"Objectivity is fine if it's real. But most of the time objectivity is just the rationale for regurgitating the conventional wisdom of the day."
The first time I laid eyes on I.F. Stone was six years ago at the Institute for Policy Studies in Washington, D.C., where I worked at the time. I remember that a dozen people were milling around, but Izzy's attention was focused like a laser beam on a newspaper held barely an inch from his face. He moved the paper rapidly from side to side, tenaciously devouring line after line of print. When he reached the end of the story, he lowered the paper and scanned the room, eager to share his findings with anyone ready to listen.
Izzy's great skill was to bore in on the lazy assumptions, subtle inconsistencies, and outright stupidities of public officials that others might miss. "Every government is run by liars," he once said. "That's a prima facie assumption unless proven to the contrary… [But] a government [also] always reveals a good deal, if you take the trouble to really study what it says."
I used a book I was writing about President Reagan and the press as an excuse to get to know Izzy. I became his student and, later, his friend as well. In the course of phone chats and afternoon teas, he talked about how the conventions of the Washington press corps ‑its proximity to power, its glorification of official sources, its presumption of objectivity ‑left it vulnerable to manipulation by any president. "Objectivity is fine if it's real," Izzy told me. "Every society has its dogmas, and a genuinely objective approach can break through them. But most of the time objectivity is just the rationale for regurgitating the conventional wisdom of the day."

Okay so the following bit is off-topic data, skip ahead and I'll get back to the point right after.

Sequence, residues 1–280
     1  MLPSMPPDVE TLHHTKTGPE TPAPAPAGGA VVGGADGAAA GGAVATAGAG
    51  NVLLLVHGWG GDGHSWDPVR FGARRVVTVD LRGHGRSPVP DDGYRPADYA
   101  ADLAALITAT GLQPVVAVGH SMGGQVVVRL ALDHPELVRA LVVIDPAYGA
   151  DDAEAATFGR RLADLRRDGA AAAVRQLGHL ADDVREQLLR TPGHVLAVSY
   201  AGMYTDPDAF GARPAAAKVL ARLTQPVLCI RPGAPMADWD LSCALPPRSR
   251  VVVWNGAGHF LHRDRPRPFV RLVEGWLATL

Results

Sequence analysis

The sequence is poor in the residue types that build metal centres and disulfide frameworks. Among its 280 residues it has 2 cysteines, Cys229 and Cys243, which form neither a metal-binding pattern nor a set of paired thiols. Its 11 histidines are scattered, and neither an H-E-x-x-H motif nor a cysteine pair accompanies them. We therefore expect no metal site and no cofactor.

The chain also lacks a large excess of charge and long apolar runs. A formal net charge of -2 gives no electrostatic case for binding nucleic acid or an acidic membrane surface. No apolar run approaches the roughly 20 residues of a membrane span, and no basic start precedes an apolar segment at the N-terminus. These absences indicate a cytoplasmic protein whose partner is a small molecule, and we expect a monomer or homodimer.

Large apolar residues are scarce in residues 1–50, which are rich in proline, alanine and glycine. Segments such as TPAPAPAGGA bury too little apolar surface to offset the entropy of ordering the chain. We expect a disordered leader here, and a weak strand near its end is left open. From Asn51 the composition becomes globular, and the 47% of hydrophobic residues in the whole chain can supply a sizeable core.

Izzy and his wife, Esther, met on a blind date, and through nearly sixty years of marriage they behaved like young lovers. I remember bumping into them at a Christmas party and watching as they danced with delight, Izzy grinning, "We love rock and roll."
"We saw the first copy of our book today," Esther bubbled as the party drew to a close. She was referring to Izzy's Trial of Socrates, which Little, Brown & Co. would publish the following month. Her use of the pronoun "our" was un‑self‑conscious but apt; though Esther seldom received proper credit, she was an indispensable partner. For nineteen years, from 1953 through 1971, when I.F. Stone's Weekly set the standard for tough reportage about politics, Izzy was the researcher, reporter, and editor, but Esther managed the business end of their operation, no small task.
I last saw Izzy on Easter Sunday, three months before his death of heart failure, at eighty‑one, on June 18. He was in high spirits: The Trial of Socrates had become a national best‑seller, six volumes of his Washington reporting were being republished by Little, Brown, and he was busily plotting half a dozen new projects. Best of all, eye surgery had returned to him one of his greatest pleasures, the ability to read. No longer did he have to grasp my elbow as we walked along Connecticut Avenue. He told me on that walk that he had "five or six good years left as a writer" now that he could read regular‑sized type again.
"It's wonderful!" Izzy exclaimed. "I feel like a boy in a candy store with a pocketful of money to spend."